Labrador Care Articles
There’s no simple answer to the question “How often should I bath my dog?”
A dirty or smelly dog needs a bath, although a little dirt can often be brushed out when dry. Many dogs need more baths in summer, others need a regular monthly bath, but few need a bath more often than this.
Some dogs, particularly Scottish Terriers, tend to get dirty skins through a build-up of dandruff. They may need a bath every two to four weeks. If this becomes a problem, consult your vet. Always groom your dog before bathing it, or you could make matting much worse.
Never use household detergent or carbolic soap; many dogs’ skins react badly to these. You can use a mild “human” soap, but a special dog shampoo or baby shampoo is best. The water should be comfortably warm. You can use your own bath for your dog as long as you wash it down well afterward.
A baby bath is ideal for a small dog – you can place it at an easy working height indoors or out. For large dogs, you could use a child’s paddling pool but watch that the dog’s nails don’t puncture it. A rubber car mat can prevent this; used in the bath it also helps stop the dog slipping. If your dog does slip, it may panic and soak the room!
We have got flea markets but they are not actually places where you can buy fleas but rather places where you may obtain purchases at very reasonable prices. Flea havens, however, would refer specifically to places where fleas of all types gather and meet to their hearts’ content. And least we forget – the fleas referred here are literally fleas – insects, mites and what have you, and their main purpose is to live off the animal.
Fleas (of any type) make life miserable. These insidious little parasites pass other parasites to your pet. Their bites and debris cause skin disorders and allergic reactions resulting in itchy skin with a perpetually scratching dog. Anemia can occur if fleas are present in great numbers.
Realizing the potential dangers fleas impose, how do we get about eliminating them? First of all, identify the location of the enemy. The belly area is a good place to look for fleas since the coat is usually not as heavy there. Fleas are tiny, dark-brown or reddish, and they move fast! They feed on blood but do not swell up as ticks do. The white specks detected on your pet’s coat are their eggs and they will mature just as readily in your carpet as in your garden. Having located the fleas, the next most sensible step is to eliminate the pests.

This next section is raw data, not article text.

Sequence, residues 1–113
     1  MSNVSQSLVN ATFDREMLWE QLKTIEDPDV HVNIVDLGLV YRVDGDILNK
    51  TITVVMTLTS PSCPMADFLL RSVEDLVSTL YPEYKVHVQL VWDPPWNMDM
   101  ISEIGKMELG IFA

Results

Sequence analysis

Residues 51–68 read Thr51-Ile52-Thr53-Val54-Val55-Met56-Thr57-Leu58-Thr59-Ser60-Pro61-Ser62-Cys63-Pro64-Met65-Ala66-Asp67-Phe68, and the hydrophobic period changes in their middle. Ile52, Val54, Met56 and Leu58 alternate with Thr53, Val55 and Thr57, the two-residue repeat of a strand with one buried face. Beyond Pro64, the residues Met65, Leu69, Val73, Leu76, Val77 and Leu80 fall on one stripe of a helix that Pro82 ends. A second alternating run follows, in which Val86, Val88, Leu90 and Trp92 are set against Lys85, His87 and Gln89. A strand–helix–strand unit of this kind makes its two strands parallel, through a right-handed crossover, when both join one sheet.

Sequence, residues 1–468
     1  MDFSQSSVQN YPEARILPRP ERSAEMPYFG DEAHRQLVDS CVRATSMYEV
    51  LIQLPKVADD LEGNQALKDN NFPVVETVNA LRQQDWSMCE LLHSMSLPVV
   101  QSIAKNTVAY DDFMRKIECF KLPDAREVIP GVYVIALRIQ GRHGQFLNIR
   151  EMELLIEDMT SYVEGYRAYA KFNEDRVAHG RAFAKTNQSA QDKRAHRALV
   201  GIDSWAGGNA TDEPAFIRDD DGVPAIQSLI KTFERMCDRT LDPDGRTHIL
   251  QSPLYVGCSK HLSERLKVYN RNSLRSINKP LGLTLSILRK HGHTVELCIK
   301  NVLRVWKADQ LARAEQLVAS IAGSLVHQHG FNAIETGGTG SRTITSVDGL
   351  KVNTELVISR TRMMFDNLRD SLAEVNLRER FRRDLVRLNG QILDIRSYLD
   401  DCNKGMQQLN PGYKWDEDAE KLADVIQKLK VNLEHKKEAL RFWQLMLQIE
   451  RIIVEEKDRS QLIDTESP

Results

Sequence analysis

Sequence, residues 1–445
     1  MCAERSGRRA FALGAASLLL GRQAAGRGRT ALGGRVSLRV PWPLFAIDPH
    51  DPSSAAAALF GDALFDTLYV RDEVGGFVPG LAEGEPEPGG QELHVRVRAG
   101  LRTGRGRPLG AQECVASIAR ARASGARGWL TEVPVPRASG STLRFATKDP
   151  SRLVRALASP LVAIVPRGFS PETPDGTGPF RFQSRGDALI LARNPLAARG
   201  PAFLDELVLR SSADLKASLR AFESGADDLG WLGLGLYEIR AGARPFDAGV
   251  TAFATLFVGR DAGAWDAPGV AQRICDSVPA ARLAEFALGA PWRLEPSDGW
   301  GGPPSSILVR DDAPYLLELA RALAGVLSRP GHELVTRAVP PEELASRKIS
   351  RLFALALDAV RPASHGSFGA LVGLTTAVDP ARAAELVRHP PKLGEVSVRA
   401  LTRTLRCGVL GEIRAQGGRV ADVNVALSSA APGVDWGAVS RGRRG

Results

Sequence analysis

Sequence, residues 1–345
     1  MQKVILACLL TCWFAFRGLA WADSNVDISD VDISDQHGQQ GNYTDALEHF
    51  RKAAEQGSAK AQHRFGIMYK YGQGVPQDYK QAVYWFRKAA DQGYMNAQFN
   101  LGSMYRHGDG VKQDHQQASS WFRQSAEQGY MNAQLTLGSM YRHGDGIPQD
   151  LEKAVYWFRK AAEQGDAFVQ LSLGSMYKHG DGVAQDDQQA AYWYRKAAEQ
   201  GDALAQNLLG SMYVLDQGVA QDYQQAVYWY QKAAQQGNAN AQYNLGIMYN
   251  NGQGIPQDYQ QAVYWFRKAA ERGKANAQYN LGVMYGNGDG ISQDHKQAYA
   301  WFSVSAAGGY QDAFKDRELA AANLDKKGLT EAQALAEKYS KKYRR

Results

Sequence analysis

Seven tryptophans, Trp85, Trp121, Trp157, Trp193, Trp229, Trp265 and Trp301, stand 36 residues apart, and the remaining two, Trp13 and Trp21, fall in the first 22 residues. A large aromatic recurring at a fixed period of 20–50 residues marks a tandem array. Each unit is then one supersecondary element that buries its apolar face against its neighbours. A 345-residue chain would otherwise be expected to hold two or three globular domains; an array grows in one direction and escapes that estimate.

The best way is to bathe your pet in a flea shampoo. Bathing not only kills the fleas but also wash off irritating debris – something a spray or powder cannot do. Depending on the severity of the flea, problem, baths should be given often – once a week if necessary.
Residual flea killers should follow the flea bath to prevent new fleas from dropping in for lunch. The least expensive is, of course, the flea collar – effective from 1 to 4 months but losing their potency faster in our hot and humid weather. A flea and tick dip may be applied to the coat after shampooing. It can last effectively for about 2 weeks but again will lose its potency if your pet gets wet.
Flea powder or spray is also useful if your pet cannot tolerate a collar. However, weekly or bi-weekly applications are needed along with a good brushing to get rid of any flea dirt. On the other hand, common sense will tell you that it won’t do you much good to rid your pet of fleas if he only picks them up again a month later.
The most likely places where fleas, mites, and ticks live in the house would be the carpets and all the little nooks and crevices. Have these places well vacuumed. The pet’s bedding must also be cleaned regularly with flea powder. The garden is also another place where these pests enjoy lying around while waiting for their next target.
It is, therefore, a good idea to spray your garden regularly with a good flea killer such as malathion. Get the commercial flea exterminator to do the task if it is beyond your handling. Always remember that fleas and their related cousins are crafty and tough, and they multiply so fast that if your weapons aren’t close at hand, they will take advantage, take over your pets, your house, and yard, You aren’t exactly their first choice for a meal, but in the absence of something better, they may pick on you too!